Howe too lurn reel gud.

December 23, 2008

Call to extend the school day

–Headline on Page 1 of New Zealand newspaper The Dominion Post, dated December 23, 2008

I second that call but would like to add a new one: extend the number of school days as well.

It’s summer holidays here in New Zealand and, with Christmas looming, it’s no surprise the streets are filled with lost boys and girls. Wandering listlessly in the way teens have since God invented the filthy beasts, bemoaning their lives like they had a bloody mortgages to pay. Hate to break it to you, my fine young cannibals, but it only gets worse.

But I’ve seen these same kids wandering these same streets during what I assumed were school days. Although it’s difficult to tell in New Zealand, where term breaks seem to occur every other week.

When we managed a B&B in Gisborne six years ago, the deal included a car and the owners’ son. I swear Young Sam spent more time surfing than sitting in a classroom. And it wasn’t because he was flagging school or anything. But it seemed he would just be finished with holidays and along would come some kind of Professional Day for the teachers to shorten the week.

These days, Young Sam is apprenticing to be a tradesman, when he isn’t working as a snowboard instructor, so all that readin’, writin’ and ‘rithmatic (known as maths in NZ) was probably a waste of his surfing time anyway.

(Sam was a good kid but he did try us on one day by walking around the house wearing a beanie — what we Canadians call a toque — and trying to look all gangsta. Viking Woman didn’t blink — after all, we’re both Children of the Sixties, an era during which they invented both rock’n’roll and sex, and so have seen it all, sometimes twice — and simply asked Sam if he was cold. We never saw the beanie again.)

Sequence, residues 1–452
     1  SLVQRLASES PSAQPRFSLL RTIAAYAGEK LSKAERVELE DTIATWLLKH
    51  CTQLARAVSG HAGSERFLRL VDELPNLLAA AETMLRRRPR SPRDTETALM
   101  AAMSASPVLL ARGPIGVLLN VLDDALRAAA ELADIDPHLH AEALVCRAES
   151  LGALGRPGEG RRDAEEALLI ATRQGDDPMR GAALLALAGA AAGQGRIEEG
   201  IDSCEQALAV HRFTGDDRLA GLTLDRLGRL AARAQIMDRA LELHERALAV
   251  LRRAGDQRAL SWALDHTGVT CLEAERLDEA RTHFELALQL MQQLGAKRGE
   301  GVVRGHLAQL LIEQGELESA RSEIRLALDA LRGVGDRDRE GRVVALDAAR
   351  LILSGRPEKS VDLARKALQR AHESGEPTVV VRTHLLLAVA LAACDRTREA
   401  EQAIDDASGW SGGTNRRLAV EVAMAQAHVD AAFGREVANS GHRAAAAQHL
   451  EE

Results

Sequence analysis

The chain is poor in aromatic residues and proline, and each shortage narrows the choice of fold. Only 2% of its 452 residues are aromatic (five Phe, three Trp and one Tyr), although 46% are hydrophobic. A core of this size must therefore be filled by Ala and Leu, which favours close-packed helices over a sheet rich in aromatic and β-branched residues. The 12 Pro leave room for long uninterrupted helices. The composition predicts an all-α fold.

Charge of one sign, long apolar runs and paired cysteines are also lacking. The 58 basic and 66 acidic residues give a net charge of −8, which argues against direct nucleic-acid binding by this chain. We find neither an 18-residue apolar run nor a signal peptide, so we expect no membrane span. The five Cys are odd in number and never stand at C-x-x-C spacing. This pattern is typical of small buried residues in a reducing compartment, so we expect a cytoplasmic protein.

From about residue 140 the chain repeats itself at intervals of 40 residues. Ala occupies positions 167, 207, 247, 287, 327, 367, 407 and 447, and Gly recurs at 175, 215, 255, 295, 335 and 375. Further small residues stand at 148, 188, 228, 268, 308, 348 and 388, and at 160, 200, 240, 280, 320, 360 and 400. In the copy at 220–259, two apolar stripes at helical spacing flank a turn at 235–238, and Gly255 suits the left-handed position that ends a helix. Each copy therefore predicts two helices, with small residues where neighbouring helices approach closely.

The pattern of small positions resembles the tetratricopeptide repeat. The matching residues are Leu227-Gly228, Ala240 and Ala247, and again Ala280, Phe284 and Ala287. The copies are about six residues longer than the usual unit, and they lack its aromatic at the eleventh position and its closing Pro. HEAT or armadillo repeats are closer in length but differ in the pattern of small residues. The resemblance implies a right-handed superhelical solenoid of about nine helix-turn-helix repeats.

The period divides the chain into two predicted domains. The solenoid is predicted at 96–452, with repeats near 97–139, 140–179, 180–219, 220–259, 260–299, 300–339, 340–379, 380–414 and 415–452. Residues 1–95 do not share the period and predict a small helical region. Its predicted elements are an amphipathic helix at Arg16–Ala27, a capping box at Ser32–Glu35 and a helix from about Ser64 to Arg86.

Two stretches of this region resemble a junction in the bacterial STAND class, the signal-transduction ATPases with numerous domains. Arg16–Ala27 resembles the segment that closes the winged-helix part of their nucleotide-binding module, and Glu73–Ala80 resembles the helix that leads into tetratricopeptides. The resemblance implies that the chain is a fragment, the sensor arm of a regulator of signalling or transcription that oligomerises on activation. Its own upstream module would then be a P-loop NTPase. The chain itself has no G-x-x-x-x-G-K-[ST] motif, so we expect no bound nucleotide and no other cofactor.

In my day — and you can stop rolling your eyes right now — we had to walk to school uphill both ways. In the snow. No, wait, that’s my Dad’s story.

We went to school every single day, from dawn to dusk, 365 days a year. No term breaks, no extended holidays, no field trips. OK, maybe it just felt like that way at the time, but my point is the education system didn’t dick around. Between the ages of six and 18 you had one mission in your miserable life and that was to learn. We had to wait until after graduation to have fun. (The fact that I’m still waiting is probably my own damn fault.)

No teachers’ Professional Days. Or Development Days, or whatever the hell they call something that is basically Teachers Sitting Around Drinking Coffee Days  (known to parents as Now What the Hell Do I Do With These Little Shits? Days).

Normally, I could care less about teenagers. They’ve got spotty faces and their music blows. Plus, I know what awaits them in adulthood and it’s going to wipe away those smug little smirks awful darn fast.

But I hate their ignorance. And by that I mean their lack of spelling skills. Now, I admit I’ve made some doozy mistakes all on my own — forgetting the “l” in public being only the most embarrassing gaffe I can recall at this moment — but those were due to sloppy editing and fat typing fingers and not because I was clueless to begin with.

I know the difference between too, to and two. Between it’s and its. Between your and you’re. Between grisly and grizzly. (That last one causes me to scream every single time).

From what I’m seeing out there (and even in here with my fellow WordPress bloggers), a lot of people have no idea.

I long ago came to the conclusion that the entire world needs an editor, and that thought is only reinforced when I see “lightning” spelled “lightening.” As if those jagged streaks were somehow caused by Mother Nature lessening her load.

Typos? Lack of a spell check program? I believe it’s more a lack of basic English skills. And I do mean basic.

And that scares the hell out of me, especially when I see newspaper editors hiring kids off the street simply because it means they can avoid paying the top union-mandated wage for a veteran journalist like myself. “You get what you pay for” has never been more true.

So, yeah, have the little shits stay in school longer. Maybe an extra hour surrounded by books will elevate their education, if only by osmosis.

It’s either that or we make them walk uphill both ways. That’ll learn ’em.

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